grope her. She describes a game in which soldiers throw stones at her
breasts and each other's genitals. For Williams, this does not necessarily
reflect badly on them. "By and large, soldiers have no shame and they are
open about that. They are more honest about what is in all of us. They don't
hide the fact that they make mistakes and have base desires.

"The guys would have been throwing stones at each other's genitals even if I
wasn't there. It might sound strange but by throwing them at my boobs, they
were including me. There is harassment in the army, but there are ways to
deal with it. I was empowered by the military, physically and mentally, and
I'm a stronger person for my time there."

The military will still find the book uncomfortable reading. She details the
incompetence of superior officers, the suicide of a female soldier and
reveals that she was not issued with armoured plates for her flak jacket.

Nor does Williams hide her involvement in the humiliation of an Iraqi
prisoner. She is told to mock a weeping, naked man in Arabic. "Do you think
you can please a woman with that thing?" she asks him. Her role went no
further and she confronted the interrogator about breaching the Geneva
Conventions, but still she feels guilty.

Williams studied literature at university in Ohio and applied to join the
Army in 2000. "I was looking for a challenge, to do something different, to
make sure I didn't end up in a rut and suddenly find I was 40 with a white
picket fence and 2.5 kids who hated me," she says.

Most of her unit, herself included, did not believe they went to war over
weapons of mass destruction. "But it was not our job to debate why we were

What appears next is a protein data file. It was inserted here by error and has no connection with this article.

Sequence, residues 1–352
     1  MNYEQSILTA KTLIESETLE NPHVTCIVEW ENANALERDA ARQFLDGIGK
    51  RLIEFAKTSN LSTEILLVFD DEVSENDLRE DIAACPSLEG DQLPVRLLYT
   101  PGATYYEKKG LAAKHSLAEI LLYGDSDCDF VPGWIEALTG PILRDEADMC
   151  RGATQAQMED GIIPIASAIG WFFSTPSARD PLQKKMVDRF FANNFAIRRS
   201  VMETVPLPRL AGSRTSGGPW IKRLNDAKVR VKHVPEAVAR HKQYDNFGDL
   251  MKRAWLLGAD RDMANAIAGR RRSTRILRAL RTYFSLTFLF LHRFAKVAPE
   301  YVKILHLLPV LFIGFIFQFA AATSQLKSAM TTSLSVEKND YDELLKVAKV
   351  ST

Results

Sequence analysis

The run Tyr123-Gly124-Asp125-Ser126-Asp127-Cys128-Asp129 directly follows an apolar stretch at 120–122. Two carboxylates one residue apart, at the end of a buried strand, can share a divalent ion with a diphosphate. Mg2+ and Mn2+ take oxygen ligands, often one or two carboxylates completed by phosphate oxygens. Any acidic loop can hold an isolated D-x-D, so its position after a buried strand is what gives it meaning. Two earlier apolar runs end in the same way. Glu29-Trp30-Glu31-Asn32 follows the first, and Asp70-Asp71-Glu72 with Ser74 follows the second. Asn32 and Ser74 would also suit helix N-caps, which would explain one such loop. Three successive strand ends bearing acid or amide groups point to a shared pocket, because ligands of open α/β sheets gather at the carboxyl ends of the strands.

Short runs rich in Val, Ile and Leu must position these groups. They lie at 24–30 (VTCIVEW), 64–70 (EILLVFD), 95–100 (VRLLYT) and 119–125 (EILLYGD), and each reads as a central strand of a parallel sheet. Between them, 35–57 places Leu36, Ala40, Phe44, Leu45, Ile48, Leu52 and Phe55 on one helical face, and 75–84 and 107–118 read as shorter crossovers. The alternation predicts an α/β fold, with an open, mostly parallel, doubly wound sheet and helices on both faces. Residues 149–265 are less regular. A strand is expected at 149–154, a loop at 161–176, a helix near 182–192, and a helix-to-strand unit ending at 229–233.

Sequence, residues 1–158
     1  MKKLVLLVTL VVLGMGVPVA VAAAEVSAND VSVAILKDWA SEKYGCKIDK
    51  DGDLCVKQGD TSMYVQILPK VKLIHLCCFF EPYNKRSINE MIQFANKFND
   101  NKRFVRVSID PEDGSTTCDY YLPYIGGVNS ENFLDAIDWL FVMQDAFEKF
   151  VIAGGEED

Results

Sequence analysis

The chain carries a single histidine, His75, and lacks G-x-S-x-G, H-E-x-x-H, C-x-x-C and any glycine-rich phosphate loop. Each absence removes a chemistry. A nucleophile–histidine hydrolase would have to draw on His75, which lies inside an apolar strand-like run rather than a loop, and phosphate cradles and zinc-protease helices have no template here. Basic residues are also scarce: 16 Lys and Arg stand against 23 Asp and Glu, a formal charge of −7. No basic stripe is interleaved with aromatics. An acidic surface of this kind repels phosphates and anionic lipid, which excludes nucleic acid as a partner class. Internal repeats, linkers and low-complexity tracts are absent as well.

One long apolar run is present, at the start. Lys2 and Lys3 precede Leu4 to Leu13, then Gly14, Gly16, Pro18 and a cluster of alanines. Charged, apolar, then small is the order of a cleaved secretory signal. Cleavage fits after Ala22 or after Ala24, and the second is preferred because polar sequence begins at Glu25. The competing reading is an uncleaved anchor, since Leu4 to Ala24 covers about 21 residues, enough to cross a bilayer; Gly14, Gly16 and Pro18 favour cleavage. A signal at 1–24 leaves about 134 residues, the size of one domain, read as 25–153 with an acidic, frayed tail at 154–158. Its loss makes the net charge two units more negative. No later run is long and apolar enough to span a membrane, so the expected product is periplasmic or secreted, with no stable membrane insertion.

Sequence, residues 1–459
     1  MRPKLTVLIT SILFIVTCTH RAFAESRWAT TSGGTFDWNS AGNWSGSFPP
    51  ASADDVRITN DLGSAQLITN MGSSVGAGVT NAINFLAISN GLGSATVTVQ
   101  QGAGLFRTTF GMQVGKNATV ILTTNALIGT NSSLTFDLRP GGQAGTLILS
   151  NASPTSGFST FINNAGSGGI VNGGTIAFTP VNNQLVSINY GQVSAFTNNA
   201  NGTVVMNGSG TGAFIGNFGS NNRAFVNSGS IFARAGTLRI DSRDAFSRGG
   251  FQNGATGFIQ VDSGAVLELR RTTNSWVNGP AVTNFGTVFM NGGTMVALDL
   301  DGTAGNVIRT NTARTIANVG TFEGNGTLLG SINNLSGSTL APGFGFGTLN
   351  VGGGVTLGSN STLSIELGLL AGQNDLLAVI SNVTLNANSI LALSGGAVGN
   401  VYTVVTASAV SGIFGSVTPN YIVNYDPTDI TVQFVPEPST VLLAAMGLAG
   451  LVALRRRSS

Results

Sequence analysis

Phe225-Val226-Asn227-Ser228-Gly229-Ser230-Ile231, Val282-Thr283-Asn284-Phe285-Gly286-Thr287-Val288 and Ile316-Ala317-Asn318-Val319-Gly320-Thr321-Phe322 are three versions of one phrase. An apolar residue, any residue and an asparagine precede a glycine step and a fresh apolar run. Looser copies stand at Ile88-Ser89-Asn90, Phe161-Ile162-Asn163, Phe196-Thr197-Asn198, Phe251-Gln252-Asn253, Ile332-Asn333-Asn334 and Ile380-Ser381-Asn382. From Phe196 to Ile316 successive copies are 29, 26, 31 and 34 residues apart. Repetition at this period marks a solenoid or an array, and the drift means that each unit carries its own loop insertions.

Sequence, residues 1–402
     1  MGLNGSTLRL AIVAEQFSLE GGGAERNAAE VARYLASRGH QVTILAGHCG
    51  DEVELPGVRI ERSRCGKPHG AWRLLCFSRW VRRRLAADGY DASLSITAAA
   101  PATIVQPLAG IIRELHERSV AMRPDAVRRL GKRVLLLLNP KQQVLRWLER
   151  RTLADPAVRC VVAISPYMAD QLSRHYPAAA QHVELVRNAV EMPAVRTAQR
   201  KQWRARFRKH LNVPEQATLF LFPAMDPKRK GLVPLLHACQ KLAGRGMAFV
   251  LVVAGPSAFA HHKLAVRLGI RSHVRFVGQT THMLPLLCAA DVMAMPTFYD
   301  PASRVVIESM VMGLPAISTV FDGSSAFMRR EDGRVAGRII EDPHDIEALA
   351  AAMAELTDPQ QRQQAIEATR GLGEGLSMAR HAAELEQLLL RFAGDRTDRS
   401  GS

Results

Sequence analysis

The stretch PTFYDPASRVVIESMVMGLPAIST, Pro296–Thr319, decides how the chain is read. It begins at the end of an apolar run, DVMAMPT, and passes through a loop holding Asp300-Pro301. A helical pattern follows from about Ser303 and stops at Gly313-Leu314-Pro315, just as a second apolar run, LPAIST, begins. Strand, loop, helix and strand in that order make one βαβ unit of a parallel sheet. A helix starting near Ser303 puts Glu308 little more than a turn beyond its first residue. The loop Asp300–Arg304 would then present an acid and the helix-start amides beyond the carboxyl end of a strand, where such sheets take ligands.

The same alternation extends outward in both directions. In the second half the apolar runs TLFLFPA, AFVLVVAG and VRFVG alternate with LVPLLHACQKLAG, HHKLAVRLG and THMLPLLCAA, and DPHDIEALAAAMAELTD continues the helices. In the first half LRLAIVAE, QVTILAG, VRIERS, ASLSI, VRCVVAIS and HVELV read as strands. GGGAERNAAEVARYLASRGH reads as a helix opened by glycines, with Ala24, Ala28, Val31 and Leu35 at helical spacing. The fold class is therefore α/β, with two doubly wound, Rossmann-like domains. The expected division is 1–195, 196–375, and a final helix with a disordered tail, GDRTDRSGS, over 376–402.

there," she says. "The politics fades to unimportance. We had a job to do
and we had to stay alive."

She does not believe that the US military should withdraw from Iraq. "That
would be pointless and all the lives that have been lost would be wasted. In
the long-run, I hope Iraq will be a better place and the region will be a
more stable one." She did not re-enlist, partly chafing at the restrictions
of military life and partly because of the "shabby" treatment of her
husband, Brian McGough.

They met when she was assigned to his unit but started going out only after
she returned to America in February 2004. He had already been sent home for
treatment and is recovering but still suffers debilitating headaches.

"Brian is lucky to be alive, but we've got no idea what the prognosis is for
the rest of his life," she says. The army's attitude to him "has been the
deepest disillusionment for me", she writes. Still, she feels guilty that
she will not be with her unit when it redeploys to Iraq. As a reservist, she
could yet be called back up.

The legacy of Iraq endures as she adjusts to life away from the war zone -
swerving in the car to avoid tin cans which in Iraq could be bombs; freaking
out at fireworks.

Perhaps her book was cathartic. "Soldiers usually come across as great
heroes or like the villains of Abu Ghraib," she says. "I wanted to show that
the lives of most soldiers are much more nuanced than that. If I manage
that, then I've achieved something."

Publishers wishing to reproduce photographs on this page should phone 44 (0)
207 538 7505 or e-mail syndication@xxxxxxxxxxxxxxx